Though not in the vanguard of enterprise-focused F/MC solutions, Agito’s RoamAnywhere Mobility Router nonetheless offered a number of unique approaches to addressing the problems inherent in handing off phone calls between cellular and IP networks.
For example, the RoamAnywhere solution uses calibrated physical location, in addition to signal quality metrics, to trigger handover—providing a cleaner, quicker handover that doesn’t depend solely on deteriorating call quality as a catalyst.
Then again, the Agito solution is designed as an adjunct to an existing PBX and makes no attempt to provide PBX functionality. This in turn provides several tactical advantages:
Phone traffic does not run through the RoamAnywhere appliance, which in fact handles only signaling. Phones connect endpoint to endpoint. Thus, router failure doesn’t interrupt in-progress calls.
Furthermore, administration is simplified, in that route plans and phone connections to the PBX don’t have to be disrupted.
Finally, multiple RoamAnywhere appliances can reside in the network, providing more or less instant failover, should the primary Mobility Router go down for any reason.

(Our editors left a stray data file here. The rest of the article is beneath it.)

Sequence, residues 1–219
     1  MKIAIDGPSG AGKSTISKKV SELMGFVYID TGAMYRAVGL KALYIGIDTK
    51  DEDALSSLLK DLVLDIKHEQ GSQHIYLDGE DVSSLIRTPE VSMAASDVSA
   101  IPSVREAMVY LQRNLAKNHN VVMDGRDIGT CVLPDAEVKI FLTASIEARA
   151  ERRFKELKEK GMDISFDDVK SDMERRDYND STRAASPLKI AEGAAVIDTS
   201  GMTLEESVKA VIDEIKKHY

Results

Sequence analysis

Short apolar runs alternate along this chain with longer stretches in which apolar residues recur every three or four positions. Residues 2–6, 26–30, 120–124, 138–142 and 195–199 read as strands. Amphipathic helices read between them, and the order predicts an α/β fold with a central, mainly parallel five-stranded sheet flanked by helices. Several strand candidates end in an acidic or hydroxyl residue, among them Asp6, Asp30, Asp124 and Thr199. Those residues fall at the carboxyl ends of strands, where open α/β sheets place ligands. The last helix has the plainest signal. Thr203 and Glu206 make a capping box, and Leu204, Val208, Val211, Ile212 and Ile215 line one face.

Today, Agito announces version 2.2, a major upgrade of the RoamAnywhere application we first wrote about in July.
What struck us as perhaps the most noteworthy addition to the application is a feature Agito is calling Secure Remote Voice (SRV), an application-level encryption function that is quite transparent to the end user.
“We’re hearing from customers that they have employees that are part-time teleworkers, remote workers, international travelers that are going abroad and wanting to take advantage of Wi-Fi in their hotel rooms,” explained Pejman Roshan, Agito’s cofounder and vice president of marketing. “So we’ve expanded our horizons to use not only enterprise Wi-Fi, but to use public Wi-Fi, whether it’s from home, hotspot, or hotel.”
When a user places an IP call from outside the enterprise network, SRV creates a secure (SSL) tunnel back to the Mobility Router (which would appear to be an exception to the idea that voice traffic bypasses the router). The secure tunnel will only move voice traffic; no other application data can travel it.